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Publication numberUS3705483 A
Publication typeGrant
Publication dateDec 12, 1972
Filing dateJan 22, 1971
Priority dateJan 22, 1971
Also published asCA950685A1, DE2202908A1, DE2202908B2
Publication numberUS 3705483 A, US 3705483A, US-A-3705483, US3705483 A, US3705483A
InventorsJarrell Virgil N, Towson Arthur L
Original AssigneeChisholm Ryder Co Inc
Export CitationBiBTeX, EndNote, RefMan
External Links: USPTO, USPTO Assignment, Espacenet
Multi-row, multi-crop harvester
US 3705483 A
Abstract
A machine for harvesting crop from densely planted crop-bearing plants of relatively low height arranged in closely spaced rows and suitable for harvesting different types of crops such as snap beans, lima beans, peas, dry beans and the like. The harvester is preferably self-propelled and driven over the bed of plants to harvest in a single pass a swath of the plants including a multiplicity of rows by stripping the foliage and crop from the plants but leaving the stems still rooted in the ground and then separating the stripped foliage from the crop, returning it to the swath harvested and collecting the separated crop.
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Description  (OCR text may contain errors)

J arrell et a1.

1 51 Dec. 12,1972

MULTI-ROW, MULTI-CROP HARVESTER inventors: Virgil N. Jarrell, Viola, Del.; Arthur L. Towson, Lewiston, N.Y.

Assignee: Chisholm-Ryder Company, Inc.,

Niagara Falls, N.Y.

Filed: Jan. 22, 1971 App1.No.: 108,944

References Cited UNITED STATES PATENTS 12/1935 Peppard ..56/126 11/1939 Lamp 211950 Wilkins ..56/126 3,118,265 1/1964 Shaver ..56/364 2,823,511 2/1958 2,509,371 5/1950 2,481,528 /1949 3,184,905 5/1965 Hillier ..56/130 Primary Examiner-Antonio F. Guida Attorney-Sommer & Weber [5 7] ABSTRACT A machine for harvesting crop from densely planted crop-bearing plants of relatively low height arranged in closely spaced rows and suitable for harvesting different types of crops such as snap beans, lima beans, peas, dry beans and the like. The harvester is .preferably self-propelled and driven over the bed of plants to harvest in a single pass a swath of the plants including a multiplicity of rows by stripping the foliage and crop from the plants but leaving the stems still rooted in the ground and then separating the stripped foliage from the crop, returning it to the swath harvested and collecting the separated crop.

24 Claims, 23 Drawing Figures 196 o 2B g 262 159 2 203 202 22 29 H9 4 115 m 204 B3 o 193 "9 3 112 39 I68 112 I45 56 9(10o 151 22 95 9a j 2e 192 Q i 15 22 23 7 g 49 200 1 I52 24 I90 50.8 I56 PATENTEDDEG 12 m2 SHEET 2 BF 9 INVENTORS Virgil N. Jarrell Arthur L. Towson ATTORNEYS VWN l PATENTEDBEB 12 I912 3.705.483

SHEET 8 OF 9 INVENTORS Virgil N. Jorrell Arthur L. Towson ATTORNEYS PA'TENTEDUEI: 12 I972 3.705.483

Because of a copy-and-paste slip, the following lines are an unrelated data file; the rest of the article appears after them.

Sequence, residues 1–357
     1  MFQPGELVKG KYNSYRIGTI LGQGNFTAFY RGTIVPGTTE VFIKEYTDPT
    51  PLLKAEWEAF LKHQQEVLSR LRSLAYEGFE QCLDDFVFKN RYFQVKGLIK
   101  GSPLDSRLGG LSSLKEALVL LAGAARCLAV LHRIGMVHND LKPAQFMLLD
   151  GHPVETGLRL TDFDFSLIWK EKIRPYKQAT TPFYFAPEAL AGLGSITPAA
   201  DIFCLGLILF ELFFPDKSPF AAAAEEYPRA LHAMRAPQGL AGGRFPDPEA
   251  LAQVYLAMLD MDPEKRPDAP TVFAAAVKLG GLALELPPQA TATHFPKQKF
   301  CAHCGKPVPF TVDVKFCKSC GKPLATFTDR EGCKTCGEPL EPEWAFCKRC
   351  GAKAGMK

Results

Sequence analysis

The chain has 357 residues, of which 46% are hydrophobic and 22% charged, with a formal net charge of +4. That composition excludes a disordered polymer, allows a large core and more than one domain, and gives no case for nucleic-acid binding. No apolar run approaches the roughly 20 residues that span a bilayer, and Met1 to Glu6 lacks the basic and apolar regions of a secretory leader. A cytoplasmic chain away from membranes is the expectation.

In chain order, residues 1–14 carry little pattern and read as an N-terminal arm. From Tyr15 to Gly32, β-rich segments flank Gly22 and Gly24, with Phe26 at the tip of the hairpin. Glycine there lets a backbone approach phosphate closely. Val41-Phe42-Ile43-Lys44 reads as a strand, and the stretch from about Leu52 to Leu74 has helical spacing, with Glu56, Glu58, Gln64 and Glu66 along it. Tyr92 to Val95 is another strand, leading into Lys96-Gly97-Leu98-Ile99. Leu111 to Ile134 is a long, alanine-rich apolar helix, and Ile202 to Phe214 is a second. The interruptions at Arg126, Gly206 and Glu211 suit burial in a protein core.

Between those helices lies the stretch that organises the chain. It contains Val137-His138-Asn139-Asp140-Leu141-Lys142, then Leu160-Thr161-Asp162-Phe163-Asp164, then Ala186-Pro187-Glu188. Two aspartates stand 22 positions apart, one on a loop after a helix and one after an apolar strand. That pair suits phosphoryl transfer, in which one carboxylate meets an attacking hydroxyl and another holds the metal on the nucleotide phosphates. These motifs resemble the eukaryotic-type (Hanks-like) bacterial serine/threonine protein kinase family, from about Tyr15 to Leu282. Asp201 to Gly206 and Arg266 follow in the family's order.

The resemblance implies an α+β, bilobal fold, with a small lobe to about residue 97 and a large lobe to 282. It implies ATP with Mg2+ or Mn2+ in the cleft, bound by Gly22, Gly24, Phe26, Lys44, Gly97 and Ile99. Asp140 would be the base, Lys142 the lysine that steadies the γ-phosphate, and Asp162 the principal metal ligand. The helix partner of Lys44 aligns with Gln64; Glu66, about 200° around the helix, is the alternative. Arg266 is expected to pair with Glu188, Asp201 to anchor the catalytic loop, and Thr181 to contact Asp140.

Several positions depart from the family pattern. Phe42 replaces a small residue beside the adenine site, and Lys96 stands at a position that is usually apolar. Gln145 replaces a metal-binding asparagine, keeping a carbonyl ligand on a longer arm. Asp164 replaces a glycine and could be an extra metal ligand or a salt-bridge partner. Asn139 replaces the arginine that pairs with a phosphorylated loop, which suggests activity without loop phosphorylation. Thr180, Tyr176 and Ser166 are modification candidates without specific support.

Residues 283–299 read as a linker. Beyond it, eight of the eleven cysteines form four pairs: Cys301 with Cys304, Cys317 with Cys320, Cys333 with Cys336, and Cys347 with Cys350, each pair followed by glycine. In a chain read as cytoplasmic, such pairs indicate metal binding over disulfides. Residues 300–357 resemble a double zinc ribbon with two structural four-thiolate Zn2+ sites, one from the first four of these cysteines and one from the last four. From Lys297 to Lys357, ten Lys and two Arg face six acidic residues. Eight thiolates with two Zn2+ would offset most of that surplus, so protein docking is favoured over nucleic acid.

SHEET 9 0F 9 INVENTORS Virgil N. Jorrell Arthur L. Towson BYE JM/ P ATTORNEYS MULTI-ROW, MULTI-CROP HARVESTER This invention relates to a harvester adapted to travel over relatively low plants bearing crop arranged in rows closely spaced together. Examples of crop bearing plants which may be harvested with the present invention include snap beans, lima beans, peas, dry beans and the like.

It is desirable for a number of reasons to plant crops of the type mentioned in closely spaced rows, say about 7 inches apart. One advantage is that the density of plant coverage and hence crop yield per unit area of ground is increased over that which would obtain if the rows of plant crops were spaced farther apart. I-Ieretofore a row spacing of 36 inches was not uncommon.

Another advantage of such close spacing of the rows is that cultivation of the ground between rows can be eliminated. For example, ground may first be sprayed with a herbicide, then the seeds for the plants, such as bean plants, are planted, following which a second spraying of herbicide is applied. The plants grow without cultivation. Their foliage touches from row to row and this coupled with the effect of the herbicide suppresses weed development between rows. 7

Heretofore mechanical harvesters have been provided for harvesting the crop from plants arranged in rows but the rows had to be planted far enough apart such as the 36 inch spacing between rows previously mentioned to allow for travel of the harvester. Such a prior art harvester typically would harvest two rows at a time by elongated picking mechanisms which extended generally longitudinally of the rows.

Plants in closely spaced rows heretofore were either hand picked of their crop, an impractical procedure where large acreage is involved; or cut off by a cutter bar windrowed, collected and then harvested of their crop, also an impractical procedure because of the excessive effort and handling required.

In accordance with the present invention, a harvester is provided which effectively and efficiently strips relatively low plants of the type previously mentioned arranged in closely spaced rows without plugging the harvester so that the advantages of high density planting can be utilized.

An important object of the present invention is to provide such a harvester which has a width such as 7 or 8 feet so as to cover a plurality of closely spaced rows of plants while traveling thereover which will effectively strip the foliage and crop from the plants without pulling the plants from the ground.